My Life Outside The Ring By Hulk Hogan and Mark Dagostino

February 28, 2020

This is quite the example of the boy who cried wolf.

Released seven years after his initial autobiography, the first half of this book covers largely similar ground. There doesn’t seem much point in this unless Hogan’s going to take a different approach, for example speaking more honestly and openly than was possible under the WWE Books banner.

This book is copyright Eric Bischoff, LLC.

I’d initially planned to cover everything in this book that seemed suspicious, but that topic’s been addressed much better by writer Stuart Millard, and my list of points to check ran onto three pages.

Suffice to say there are some real classics here. The best know is the lengthy explanation of how Hogan would regularly fly back and forth between the US and Japan and that the time zones and international date lines meant he wrestled on 400 days a year.

Some claims at least make sense on the surface but don’t stand up to scrutiny such as Hogan wrestling in Tokyo the night after WrestleMania III at the start of 29 straight days. That might have been more plausible had he not stopped touring New Japan nearly two years earlier and had the WWF not taken a 12 day break after WrestleMania, with no record of Hogan returning to the ring until more than three weeks after the big show,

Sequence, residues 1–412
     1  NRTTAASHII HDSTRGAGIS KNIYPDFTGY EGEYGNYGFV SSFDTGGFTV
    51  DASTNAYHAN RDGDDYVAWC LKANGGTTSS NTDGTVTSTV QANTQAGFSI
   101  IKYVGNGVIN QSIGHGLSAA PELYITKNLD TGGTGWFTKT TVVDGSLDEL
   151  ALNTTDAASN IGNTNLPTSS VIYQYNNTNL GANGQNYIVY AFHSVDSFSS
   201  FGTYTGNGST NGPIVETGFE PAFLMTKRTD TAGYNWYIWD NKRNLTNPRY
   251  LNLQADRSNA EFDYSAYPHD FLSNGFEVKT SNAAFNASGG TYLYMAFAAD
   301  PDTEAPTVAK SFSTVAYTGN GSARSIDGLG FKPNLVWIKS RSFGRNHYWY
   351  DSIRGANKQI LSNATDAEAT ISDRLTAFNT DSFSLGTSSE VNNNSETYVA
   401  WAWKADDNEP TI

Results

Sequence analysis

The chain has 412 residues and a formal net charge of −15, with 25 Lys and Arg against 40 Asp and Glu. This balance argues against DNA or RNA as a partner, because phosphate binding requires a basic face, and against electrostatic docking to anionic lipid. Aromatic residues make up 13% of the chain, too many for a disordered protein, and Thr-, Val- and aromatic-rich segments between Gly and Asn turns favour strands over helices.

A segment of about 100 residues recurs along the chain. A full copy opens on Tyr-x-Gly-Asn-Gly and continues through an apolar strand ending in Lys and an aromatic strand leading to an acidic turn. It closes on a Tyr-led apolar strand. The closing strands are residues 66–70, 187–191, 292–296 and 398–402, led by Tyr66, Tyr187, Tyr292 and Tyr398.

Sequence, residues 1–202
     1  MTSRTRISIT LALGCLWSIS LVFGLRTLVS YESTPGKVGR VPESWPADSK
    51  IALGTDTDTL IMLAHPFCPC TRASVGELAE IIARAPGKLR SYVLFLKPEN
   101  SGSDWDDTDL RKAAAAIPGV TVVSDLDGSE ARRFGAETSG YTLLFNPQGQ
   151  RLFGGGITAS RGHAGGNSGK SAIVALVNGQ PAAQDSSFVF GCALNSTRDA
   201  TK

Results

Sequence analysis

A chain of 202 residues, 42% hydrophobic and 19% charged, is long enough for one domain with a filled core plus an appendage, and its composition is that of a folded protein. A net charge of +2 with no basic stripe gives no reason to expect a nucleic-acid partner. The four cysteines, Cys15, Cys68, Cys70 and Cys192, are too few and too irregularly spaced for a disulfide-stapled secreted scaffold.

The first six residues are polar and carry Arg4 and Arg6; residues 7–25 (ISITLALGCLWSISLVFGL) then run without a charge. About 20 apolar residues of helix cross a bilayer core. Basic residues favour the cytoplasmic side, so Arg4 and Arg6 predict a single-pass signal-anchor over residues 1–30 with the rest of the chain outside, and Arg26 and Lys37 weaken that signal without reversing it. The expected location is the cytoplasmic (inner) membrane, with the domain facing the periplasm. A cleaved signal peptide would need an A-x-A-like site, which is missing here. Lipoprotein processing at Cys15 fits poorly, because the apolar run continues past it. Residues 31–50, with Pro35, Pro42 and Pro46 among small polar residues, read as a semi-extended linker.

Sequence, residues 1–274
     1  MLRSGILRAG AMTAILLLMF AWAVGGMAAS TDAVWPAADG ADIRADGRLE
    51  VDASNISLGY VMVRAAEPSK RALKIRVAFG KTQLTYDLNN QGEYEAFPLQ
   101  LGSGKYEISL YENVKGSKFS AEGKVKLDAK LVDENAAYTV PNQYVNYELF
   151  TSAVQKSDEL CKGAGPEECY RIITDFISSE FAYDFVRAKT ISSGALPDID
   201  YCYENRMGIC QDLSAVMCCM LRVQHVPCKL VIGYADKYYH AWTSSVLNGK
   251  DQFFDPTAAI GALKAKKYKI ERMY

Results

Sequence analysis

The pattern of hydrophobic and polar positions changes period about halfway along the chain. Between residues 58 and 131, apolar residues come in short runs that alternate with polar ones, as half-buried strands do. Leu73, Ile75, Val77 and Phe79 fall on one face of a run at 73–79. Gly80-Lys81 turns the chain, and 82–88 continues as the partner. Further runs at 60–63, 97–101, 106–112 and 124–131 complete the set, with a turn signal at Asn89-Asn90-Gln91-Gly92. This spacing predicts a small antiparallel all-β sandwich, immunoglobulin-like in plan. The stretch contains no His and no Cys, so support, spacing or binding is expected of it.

And then you have the stories that defy the evidence of your own eyes, most notably the repeated claims that Hogan suffered life-long problems after the Undertaker messed up the match-winning tombstone at Survivor Series 1991 and his head crashed into a chair.

In fact his head was so clearly several inches from making contact that I, a teenage fan still trying to cling to the illusion of wrestling, had to conjure up an explanation in writing up the match for a fanzine of how the move didn’t fully connect but still had a jarring effect that compounded the earlier punishment in the match.

So far, so Hogan, but the real problem comes with the second half of the book which addresses his divorce from wife Linda and his son Nick’s incarceration after he drove a car in a crash that hospitalised a passenger for two years. The former topic is addressed in a way that somebody with more time and energy might contrast with Linda’s own book.

The latter includes numerous points where Hogan disputes the media narrative — and indeed the prosecution’s case — about the circumstances of the crash and Nick’s actions. The problem is that by this point it’s absolutely impossible to assess how credible his arguments are.

The book then concludes with a lengthy account of Hogan’s spiritual awakening and discovery of the law of attraction. If you get anything out of this — or indeed the rest of the book — then more power to you.

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